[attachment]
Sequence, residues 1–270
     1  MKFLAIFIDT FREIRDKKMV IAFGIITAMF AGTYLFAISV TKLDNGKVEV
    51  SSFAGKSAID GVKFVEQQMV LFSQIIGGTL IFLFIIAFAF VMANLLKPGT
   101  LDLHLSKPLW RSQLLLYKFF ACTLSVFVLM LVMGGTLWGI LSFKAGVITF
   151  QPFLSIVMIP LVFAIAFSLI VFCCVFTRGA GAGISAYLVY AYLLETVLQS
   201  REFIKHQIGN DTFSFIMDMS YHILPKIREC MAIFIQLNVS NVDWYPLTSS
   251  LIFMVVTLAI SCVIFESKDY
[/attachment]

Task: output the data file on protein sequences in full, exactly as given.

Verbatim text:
Sequence, residues 1–270
     1  MKFLAIFIDT FREIRDKKMV IAFGIITAMF AGTYLFAISV TKLDNGKVEV
    51  SSFAGKSAID GVKFVEQQMV LFSQIIGGTL IFLFIIAFAF VMANLLKPGT
   101  LDLHLSKPLW RSQLLLYKFF ACTLSVFVLM LVMGGTLWGI LSFKAGVITF
   151  QPFLSIVMIP LVFAIAFSLI VFCCVFTRGA GAGISAYLVY AYLLETVLQS
   201  REFIKHQIGN DTFSFIMDMS YHILPKIREC MAIFIQLNVS NVDWYPLTSS
   251  LIFMVVTLAI SCVIFESKDY